By Carol Kennedy
With the arrival of Black History Month, kids and parents may be looking for appropriate reading material, and there are some excellent titles available. Some that were featured in last year’s February Swarthmorean are still excellent choices: for younger children, Granddaddy’s Turn: A Journey to the Ballot Box by Michael S. Bandy and Voice of Freedom: Fanny Lou Hamer, Spirit of the Civil Rights Movement by Carole Boston Weatherford.
For older elementary-age and middle-school children, We’ve Got a Job: The 1963 Birmingham Children’s March by Cynthia Levinson remains one of my favorites, along with Russell Freedman’s Abraham Lincoln and Frederick Douglass. Because They Marched, also by Freedman, is likewise an excellent read about the Selma-to-Montgomery Civil Rights march.
Here are some other recommended titles that may interest young readers.
Cynthia Grady’s Like A Bird: The Art of the American Slave Song compiles 13 spirituals that originated in American slavery, with full-color illustrations by Michele Wood, sheet music, and historical information on each song. Sprinkled throughout the book are images of a white bird, embodying Harriet Tubman’s dream of flying “over the landscape like a bird” to freedom. This is a great picture book appropriate for any age, and families may want to sing the songs together.
Rich and Sandra Nell Wallace have written Blood Brother: Jonathan Daniels and His Sacrifice for Civil Rights, a great read for middle-school and high-school students wanting to learn about the Civil Rights movement. Daniels was a white seminary student from New Hampshire who gave his time, his career and ultimately his life to fight for justice for African Americans in the American South. In the course of learning who he was, the reader also learns a great deal about the movement and its significance.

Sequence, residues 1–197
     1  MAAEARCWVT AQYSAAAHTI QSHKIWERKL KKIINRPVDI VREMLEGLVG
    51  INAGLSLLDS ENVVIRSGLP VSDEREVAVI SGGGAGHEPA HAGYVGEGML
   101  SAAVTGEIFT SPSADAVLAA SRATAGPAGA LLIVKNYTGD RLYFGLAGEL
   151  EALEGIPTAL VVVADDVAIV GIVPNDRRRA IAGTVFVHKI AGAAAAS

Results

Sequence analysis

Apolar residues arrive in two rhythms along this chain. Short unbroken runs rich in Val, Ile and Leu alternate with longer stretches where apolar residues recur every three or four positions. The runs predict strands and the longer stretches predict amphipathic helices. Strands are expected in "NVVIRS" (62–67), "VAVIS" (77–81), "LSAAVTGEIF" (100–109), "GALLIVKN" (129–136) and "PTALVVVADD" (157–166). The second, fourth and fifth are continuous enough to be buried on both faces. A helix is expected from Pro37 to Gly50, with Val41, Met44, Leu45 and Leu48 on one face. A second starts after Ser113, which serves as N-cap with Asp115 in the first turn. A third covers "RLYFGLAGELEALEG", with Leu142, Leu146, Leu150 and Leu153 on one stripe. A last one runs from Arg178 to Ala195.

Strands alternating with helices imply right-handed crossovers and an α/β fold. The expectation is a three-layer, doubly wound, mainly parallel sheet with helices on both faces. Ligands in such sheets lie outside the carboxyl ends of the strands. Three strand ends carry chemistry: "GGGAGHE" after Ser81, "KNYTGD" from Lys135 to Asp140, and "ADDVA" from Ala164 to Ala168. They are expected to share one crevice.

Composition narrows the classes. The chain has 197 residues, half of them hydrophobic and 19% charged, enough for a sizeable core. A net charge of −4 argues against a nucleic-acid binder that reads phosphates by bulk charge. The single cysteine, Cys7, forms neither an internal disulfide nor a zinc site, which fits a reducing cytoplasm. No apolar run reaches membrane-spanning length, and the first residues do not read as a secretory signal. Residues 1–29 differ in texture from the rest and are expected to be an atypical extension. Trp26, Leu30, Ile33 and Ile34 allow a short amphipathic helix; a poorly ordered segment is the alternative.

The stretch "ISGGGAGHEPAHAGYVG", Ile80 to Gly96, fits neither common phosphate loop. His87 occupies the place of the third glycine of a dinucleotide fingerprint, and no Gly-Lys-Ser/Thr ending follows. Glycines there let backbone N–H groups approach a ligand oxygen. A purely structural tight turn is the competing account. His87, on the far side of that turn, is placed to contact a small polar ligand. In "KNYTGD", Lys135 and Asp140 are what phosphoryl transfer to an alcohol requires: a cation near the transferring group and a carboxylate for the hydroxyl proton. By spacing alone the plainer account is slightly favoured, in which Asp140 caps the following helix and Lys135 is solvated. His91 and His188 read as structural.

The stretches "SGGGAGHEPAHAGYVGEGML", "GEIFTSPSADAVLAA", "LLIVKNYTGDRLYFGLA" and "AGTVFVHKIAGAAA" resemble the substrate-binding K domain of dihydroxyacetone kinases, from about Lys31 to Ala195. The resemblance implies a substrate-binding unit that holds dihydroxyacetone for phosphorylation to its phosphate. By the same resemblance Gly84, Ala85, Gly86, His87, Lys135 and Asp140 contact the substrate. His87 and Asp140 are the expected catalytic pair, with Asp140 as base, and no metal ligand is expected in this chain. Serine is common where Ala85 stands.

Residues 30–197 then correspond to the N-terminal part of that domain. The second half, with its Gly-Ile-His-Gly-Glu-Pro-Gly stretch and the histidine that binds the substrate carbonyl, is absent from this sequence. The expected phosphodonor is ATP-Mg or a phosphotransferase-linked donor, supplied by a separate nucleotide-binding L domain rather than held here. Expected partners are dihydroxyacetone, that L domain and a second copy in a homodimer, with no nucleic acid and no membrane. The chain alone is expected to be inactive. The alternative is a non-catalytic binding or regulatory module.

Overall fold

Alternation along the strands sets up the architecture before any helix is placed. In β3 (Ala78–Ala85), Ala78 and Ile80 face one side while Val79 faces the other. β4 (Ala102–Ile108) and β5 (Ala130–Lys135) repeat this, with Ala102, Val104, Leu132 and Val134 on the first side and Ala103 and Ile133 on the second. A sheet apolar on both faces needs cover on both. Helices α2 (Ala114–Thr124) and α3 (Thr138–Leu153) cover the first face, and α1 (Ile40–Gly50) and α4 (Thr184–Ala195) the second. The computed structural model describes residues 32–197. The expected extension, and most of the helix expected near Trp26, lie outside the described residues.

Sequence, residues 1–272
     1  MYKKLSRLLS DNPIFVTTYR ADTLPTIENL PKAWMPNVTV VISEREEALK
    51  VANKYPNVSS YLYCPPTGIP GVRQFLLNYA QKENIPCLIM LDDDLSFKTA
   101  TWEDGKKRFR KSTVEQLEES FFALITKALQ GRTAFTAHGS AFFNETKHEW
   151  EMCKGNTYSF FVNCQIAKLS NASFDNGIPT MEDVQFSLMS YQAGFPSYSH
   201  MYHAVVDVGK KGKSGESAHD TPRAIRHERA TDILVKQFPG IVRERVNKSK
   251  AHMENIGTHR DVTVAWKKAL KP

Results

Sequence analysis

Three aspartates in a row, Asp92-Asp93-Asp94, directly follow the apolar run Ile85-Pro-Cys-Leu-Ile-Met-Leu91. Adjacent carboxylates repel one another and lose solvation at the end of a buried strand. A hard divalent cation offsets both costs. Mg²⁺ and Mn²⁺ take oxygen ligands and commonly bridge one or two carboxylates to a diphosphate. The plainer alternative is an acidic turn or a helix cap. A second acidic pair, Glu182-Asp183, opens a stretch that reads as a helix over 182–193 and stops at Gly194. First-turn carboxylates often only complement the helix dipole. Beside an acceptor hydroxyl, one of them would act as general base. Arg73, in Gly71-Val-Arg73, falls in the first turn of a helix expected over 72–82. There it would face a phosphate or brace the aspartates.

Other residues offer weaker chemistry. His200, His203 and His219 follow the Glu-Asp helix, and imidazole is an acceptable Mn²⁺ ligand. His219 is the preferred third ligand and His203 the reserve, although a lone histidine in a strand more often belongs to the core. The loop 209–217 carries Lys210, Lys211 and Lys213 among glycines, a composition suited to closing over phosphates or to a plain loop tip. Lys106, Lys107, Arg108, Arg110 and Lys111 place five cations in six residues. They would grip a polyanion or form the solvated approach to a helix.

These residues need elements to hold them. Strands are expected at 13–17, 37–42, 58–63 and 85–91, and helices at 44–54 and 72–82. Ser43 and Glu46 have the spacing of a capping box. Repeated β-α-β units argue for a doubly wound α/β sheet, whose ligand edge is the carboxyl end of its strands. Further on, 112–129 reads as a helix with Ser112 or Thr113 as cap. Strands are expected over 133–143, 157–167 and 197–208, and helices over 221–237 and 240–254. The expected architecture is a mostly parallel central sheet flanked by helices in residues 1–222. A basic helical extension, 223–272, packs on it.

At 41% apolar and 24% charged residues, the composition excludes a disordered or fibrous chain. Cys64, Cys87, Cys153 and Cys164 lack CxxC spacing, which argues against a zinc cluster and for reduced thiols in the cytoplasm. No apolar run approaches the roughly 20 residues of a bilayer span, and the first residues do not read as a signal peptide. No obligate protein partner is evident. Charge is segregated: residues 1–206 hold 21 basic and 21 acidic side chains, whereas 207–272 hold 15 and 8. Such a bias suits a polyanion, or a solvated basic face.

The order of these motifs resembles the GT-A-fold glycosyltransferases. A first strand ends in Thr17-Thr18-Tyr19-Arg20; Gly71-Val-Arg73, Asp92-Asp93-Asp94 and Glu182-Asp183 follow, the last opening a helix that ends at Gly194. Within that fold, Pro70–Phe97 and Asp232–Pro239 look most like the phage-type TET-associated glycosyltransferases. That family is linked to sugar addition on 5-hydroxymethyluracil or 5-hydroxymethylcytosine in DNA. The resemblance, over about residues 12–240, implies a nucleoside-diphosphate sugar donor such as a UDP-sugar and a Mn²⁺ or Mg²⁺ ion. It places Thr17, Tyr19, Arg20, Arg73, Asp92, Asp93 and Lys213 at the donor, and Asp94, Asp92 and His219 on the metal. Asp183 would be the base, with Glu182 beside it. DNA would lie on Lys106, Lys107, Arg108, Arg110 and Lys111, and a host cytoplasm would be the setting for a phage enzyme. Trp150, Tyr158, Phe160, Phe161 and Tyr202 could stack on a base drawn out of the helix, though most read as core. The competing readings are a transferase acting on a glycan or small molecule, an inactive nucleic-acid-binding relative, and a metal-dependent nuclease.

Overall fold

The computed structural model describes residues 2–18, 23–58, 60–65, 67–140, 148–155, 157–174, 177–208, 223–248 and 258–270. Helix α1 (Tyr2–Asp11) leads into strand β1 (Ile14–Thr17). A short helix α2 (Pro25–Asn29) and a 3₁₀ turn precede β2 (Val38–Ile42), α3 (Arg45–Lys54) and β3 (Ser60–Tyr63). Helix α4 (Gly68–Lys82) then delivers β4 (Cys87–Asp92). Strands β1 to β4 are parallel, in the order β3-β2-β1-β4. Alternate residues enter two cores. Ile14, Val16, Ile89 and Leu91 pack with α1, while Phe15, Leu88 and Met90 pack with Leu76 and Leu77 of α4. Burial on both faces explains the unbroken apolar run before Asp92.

Another good one for anyone from the age of 12 on up is Gretchen Woelfle’s Answering the Cry for Freedom. In this eye-opening history, 13 important African American figures who were fighting against slavery at the time of the American Revolution are profiled. We meet such colorful characters as Jarena Lee, a house slave who gave up her family and home to travel widely preaching against slavery, Philadelphia’s own Richard Allen, founder of the African Methodist Episcopal Church, and Sally Hemings, whose owner was Thomas Jefferson. The subtle black-and-white illustrations by Gregory Christie enhance the text.
Roxane Orgill has written a book called Jazz Day: The Making of a Famous Photograph, which discusses the well-known photograph of 57 jazz musicians that was created by Art Kane in 1958. Through a series of beautifully illustrated poems, the author recreates the events of the day and participants in the photo shoot, which lasted four or five hours and included Dizzy Gillespie, Count Basie, and other jazz greats. Biographies of the more famous participants and a list of additional resources are included. This book is recommended for any age, but especially those in the 9-12 range.
Sally Derby’s biography of Paul Laurence Dunbar, the great African American poet, is called Jump Back, Paul: The Life and Poems of Paul Laurence Dunbar. It reads like a conversation rather than a biography, and the author describes her voice as a “grandma’s” voice, which makes it an engaging book for teens and pre-teens. Events from Dunbar’s life are interspersed with his poetry, bringing context to the work. Simple black-and-white illustrations add a surprising emotional depth to the text. A chronology, detailed source notes, a bibliography, and an index are included.